News

    Rice Urges Iran to Accept Incentives Package

    U.S. Secretary of State Condoleezza Rice Tuesday urged Iran to prove its interest in better relations by accepting the big-power offer of incentives for Tehran to stop uranium enrichment. Rice was responding to interview remarks by Iranian President Mahmoud Ahmadinejad that Iran wants to seek "common ground" with Washington on the nuclear issue.  VOA's David Gollust reports from the State Department.

    Rice is challenging the Iranian leader to back up what are seen as conciliatory remarks in his television interview by accepting the incentives offer and halting the enrichment drive the United States considers as weapons related.

    Mr. Ahmadinejad, in an unusual interview with a U.S. media outlet, told the NBC broadcast network Monday that Iran and the United States should try to find "common ground" in their respective positions on the nuclear issue and work for an agreement.

    Rice, who spoke at a joint press appearance with Italian Foreign Minister Franco Frattini, said Iran can show its good faith and intentions by accepting the enhanced incentives package submitted last month by the five permanent U.N. Security Council member countries and Germany, the P Five Plus One.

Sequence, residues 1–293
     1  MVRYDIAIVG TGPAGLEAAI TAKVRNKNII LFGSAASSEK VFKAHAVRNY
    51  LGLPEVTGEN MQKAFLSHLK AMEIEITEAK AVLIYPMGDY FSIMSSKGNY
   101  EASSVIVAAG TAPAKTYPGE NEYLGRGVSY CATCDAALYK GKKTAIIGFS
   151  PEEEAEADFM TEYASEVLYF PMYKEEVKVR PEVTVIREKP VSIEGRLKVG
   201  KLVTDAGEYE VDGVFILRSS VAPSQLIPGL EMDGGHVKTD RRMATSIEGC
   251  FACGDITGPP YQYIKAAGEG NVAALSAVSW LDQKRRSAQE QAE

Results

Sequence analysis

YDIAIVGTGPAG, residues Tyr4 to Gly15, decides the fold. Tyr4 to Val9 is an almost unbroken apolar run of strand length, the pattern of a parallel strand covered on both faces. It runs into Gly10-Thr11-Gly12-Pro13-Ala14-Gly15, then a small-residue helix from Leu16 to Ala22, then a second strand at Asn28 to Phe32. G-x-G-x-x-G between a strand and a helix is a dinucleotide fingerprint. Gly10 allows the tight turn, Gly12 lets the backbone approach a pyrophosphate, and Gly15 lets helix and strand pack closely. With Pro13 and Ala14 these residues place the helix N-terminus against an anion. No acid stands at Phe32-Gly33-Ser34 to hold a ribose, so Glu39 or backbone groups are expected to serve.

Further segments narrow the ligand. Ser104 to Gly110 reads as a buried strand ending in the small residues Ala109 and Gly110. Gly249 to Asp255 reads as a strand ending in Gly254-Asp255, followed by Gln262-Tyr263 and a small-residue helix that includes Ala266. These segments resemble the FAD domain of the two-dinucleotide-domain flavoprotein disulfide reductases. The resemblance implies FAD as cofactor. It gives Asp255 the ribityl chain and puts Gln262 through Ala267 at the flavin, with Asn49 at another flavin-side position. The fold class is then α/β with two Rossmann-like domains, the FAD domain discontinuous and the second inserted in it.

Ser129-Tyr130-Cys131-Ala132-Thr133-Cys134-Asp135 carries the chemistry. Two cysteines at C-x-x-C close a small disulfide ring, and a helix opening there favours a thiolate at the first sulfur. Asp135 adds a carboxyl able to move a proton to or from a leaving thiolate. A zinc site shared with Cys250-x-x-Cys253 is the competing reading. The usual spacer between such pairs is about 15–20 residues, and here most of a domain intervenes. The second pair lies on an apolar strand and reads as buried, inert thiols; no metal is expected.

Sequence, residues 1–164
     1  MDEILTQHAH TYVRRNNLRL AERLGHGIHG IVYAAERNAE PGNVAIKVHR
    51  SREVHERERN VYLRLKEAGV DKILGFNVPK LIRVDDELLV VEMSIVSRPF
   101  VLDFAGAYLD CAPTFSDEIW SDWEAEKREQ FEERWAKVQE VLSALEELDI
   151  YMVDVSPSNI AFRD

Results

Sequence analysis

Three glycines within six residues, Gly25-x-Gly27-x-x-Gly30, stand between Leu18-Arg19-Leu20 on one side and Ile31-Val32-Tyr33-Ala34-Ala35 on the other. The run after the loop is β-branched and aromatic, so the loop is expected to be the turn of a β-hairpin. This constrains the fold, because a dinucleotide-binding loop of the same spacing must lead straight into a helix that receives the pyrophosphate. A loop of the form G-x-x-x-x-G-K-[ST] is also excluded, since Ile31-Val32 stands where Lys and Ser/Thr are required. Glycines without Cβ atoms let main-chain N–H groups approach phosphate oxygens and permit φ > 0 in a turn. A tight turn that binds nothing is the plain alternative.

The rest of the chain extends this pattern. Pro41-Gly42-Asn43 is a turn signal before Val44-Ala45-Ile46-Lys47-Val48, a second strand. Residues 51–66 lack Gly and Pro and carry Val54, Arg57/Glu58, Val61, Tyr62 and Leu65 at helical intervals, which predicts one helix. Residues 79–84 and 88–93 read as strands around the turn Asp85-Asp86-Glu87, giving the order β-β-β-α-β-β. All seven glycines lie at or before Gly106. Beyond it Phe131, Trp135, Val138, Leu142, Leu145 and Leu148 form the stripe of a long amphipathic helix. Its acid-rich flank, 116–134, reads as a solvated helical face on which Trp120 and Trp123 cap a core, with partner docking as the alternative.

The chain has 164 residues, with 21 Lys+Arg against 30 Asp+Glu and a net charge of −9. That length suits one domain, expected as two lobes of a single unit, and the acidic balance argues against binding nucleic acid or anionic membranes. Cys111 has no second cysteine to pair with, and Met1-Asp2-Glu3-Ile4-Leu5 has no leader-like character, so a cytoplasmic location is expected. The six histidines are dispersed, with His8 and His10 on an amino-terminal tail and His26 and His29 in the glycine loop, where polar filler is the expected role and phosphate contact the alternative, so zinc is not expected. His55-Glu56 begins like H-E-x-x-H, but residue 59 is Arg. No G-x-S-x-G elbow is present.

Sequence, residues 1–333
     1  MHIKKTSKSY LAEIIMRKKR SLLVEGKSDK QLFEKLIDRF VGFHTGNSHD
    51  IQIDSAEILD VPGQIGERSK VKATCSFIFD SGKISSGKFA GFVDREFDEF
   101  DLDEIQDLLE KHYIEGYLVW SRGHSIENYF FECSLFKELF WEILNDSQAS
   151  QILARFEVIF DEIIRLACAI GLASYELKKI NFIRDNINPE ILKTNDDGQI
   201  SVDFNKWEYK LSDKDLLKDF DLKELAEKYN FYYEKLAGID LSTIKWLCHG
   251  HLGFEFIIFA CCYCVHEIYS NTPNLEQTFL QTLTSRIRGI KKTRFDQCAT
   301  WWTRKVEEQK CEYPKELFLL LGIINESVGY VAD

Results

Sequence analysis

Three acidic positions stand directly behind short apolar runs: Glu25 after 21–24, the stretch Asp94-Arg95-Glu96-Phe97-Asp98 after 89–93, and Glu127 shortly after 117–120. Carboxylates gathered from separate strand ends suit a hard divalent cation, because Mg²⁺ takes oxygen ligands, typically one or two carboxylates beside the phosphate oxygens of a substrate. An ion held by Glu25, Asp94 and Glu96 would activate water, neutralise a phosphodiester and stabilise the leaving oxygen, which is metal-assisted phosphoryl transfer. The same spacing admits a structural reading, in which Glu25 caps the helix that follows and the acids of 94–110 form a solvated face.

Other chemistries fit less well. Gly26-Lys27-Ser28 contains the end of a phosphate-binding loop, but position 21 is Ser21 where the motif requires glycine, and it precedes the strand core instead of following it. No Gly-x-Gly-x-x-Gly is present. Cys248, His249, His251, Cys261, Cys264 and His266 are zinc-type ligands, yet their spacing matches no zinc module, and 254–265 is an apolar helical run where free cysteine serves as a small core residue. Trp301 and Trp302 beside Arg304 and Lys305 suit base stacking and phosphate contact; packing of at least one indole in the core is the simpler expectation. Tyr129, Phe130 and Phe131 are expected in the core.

"There's one way for the Iranians to make clear that they have found common ground," said Condoleezza Rice. "It's to come and say we accept the proposal, this is a good basis for the beginnings of pre-negotiations within a six week period, and then we can suspend our enrichment and reprocessing, and we can begin real negotiations. And the United States will fundamentally be at the table."

    In mid-June, the P Five Plus One offered to suspend U.N. sanctions and provide Iran civilian nuclear aid and various other benefits if it stopped enrichment and returned to negotiations over its nuclear program.

    In the six-week pre-negotiation period cited by Rice, the major powers would refrain from adding new sanctions if Iran stopped adding to its enrichment capacity.